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Retirement Planning: Risky Business – Provided You Know August 13, 2008

Posted by retirementwithaplan in Uncategorized.
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It has become risky business to retire, provided you know what the risks are, have made plans for them, and understand that those plans may have grossly underestimated what you need depending on your age. A recent paper released by the Center for Retirement Research (CRR) has found that three things are showing signs of a troubled horizon for future retirees.

Social Security: Future retirees can expect less of a total income impact from Social Security, perhaps lessening their overall quality of life. Often referred to as the third leg of a retirement plan, giving folks the erroneous impression that these benefits will make up a third of what they will need in retirement, Social Security will have far less of an overall contribution to your plan. With the average age of retirement hovering around the sixty-years-old mark and with life expectancies rising steadily, much less of what might have been planned for, even anticipated can be expected.




Retirement plans: Currently, only 21 percent of the future retirees can expect a traditional pension often referred to as a defined benefit plan. As we found in the previous post, those plans should have an estimated payout of roughly one-half of what you might have expected. This is due to unknowns such as under-funding and even corporate bankruptcies and worse, the plan being frozen and/or dissolved. Once the PBGC gets hold of the plan, your previous plan’s estimates will seem generous.

The rest of us are covered by plans such as a 401(k) or defined contribution plans. Because these are self-directed, many of the plans are under-funded. This means that the expected life-style of these workers in retirement has been overestimated in some cases as much as 60%. A recent Survey of Consumer Finances found 44% of the respondents in an “at risk” situation of not having enough money saved to make it through their retired years.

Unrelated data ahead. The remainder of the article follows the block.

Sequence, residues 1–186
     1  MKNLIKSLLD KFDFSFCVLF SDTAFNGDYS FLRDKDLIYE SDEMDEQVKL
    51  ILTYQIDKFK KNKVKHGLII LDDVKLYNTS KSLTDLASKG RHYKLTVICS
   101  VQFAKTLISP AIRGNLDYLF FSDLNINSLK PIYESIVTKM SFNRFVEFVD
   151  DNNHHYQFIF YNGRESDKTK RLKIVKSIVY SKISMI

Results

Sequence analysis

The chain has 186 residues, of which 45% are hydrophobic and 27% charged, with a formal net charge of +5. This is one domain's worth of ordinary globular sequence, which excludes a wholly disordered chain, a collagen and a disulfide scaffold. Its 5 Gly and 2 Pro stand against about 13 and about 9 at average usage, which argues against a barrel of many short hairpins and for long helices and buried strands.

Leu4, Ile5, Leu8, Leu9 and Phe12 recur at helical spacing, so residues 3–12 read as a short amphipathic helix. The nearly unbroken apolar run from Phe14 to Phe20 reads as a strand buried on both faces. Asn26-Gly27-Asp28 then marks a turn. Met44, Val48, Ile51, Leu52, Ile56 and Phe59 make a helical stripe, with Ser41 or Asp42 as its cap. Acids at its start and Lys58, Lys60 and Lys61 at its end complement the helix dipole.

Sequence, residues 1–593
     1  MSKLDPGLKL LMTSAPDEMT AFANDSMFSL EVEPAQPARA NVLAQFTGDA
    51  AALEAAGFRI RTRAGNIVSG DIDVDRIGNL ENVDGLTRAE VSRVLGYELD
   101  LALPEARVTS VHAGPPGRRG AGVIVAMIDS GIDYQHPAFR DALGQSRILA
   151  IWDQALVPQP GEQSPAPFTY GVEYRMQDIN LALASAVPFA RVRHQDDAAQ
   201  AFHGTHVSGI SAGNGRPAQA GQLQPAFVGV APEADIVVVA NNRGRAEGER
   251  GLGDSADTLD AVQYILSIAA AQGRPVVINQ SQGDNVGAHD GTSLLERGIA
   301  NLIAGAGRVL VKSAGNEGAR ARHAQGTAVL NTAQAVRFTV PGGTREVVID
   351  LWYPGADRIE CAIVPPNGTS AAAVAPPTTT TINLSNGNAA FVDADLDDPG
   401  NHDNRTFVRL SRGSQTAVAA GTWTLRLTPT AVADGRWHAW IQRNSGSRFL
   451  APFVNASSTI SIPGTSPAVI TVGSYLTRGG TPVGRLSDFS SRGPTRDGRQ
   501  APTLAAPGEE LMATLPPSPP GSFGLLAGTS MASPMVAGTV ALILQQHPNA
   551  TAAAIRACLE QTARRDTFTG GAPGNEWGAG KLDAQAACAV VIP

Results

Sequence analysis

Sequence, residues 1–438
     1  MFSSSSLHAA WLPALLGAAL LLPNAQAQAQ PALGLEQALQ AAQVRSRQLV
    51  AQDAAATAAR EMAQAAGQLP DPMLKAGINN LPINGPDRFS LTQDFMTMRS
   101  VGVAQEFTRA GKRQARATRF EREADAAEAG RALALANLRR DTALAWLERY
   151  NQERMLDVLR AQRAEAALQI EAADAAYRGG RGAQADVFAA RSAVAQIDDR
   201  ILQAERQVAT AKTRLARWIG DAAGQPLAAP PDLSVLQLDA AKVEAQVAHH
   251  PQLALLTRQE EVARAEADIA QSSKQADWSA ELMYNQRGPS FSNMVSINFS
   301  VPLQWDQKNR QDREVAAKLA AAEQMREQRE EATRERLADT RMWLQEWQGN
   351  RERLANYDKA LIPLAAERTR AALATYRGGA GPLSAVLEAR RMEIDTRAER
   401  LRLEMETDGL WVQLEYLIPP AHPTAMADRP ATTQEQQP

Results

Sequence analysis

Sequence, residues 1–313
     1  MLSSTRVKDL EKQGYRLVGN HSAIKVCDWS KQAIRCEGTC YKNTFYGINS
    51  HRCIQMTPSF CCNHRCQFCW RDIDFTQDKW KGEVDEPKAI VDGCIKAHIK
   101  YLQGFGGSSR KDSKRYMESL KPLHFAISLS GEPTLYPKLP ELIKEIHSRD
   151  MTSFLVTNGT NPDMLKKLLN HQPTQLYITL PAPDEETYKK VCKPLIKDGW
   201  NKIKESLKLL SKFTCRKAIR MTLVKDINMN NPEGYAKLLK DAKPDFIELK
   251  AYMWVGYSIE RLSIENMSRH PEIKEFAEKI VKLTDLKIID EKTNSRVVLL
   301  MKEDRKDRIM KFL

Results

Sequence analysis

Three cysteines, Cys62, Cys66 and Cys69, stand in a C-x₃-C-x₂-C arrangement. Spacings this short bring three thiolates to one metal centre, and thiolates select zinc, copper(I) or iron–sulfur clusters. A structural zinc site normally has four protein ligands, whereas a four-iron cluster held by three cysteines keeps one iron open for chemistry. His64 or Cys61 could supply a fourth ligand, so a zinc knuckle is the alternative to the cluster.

Surprisingly, the lower the income, the less you need to worry. Social Security will have a higher replacement income cost due in large part to the progressive nature of the system. They will still need to save, but the impact of not saving enough will not be as crippling as it would be for the middle-income wage earner. The more money you make, the more worried you become. And this fact has made the high-income wage earner less susceptible to facing a lower standard of living in the future.

The middle-income wage earner on the other hand, is faced with some real issues that they may be underestimating. Which brings us to the third element in the CCR’s list of worrisome problems facing future retirees.

Health care: Estimates are all over the board on how much it will cost to cover you and your spouse in retirement. The ability to pinpoint this number with any accuracy has lead to an under-funding of plans designed to offset these costs. With health care costs rising anywhere from 8-10% year-over-year, the estimated need for late Boomers, those born after 1954 to 1964 is $200,000 for lifetime health coverage.

The question this study asks: are you worried enough? Most of us have some sort of gut feeling about where we are, where we are headed, and what retirement will be like when we get there. This is better than not knowing. But the study does point to the fact that over a quarter of those surveyed, are not worried enough about what their future holds.

While it should go without saying, there are some things you can do know that would help with these costs.

Save more – even a few percentage points more each week will add tens of thousands of dollars to your retirement coffers and even more the younger you start.

Get healthy – The easiest way to offset future health costs is to get control of those health issues will you are still working. Although these are hard to accomplish, stopping smoking, eating better and some exercise will pay huge dividends in the future.

Worry more – Even as worrying can have a negative effect on your health, when it comes to retirement savings, it might just be the extra catalyst you need to accomplish the “save more” and “get healthy” parts of your retirement plan.

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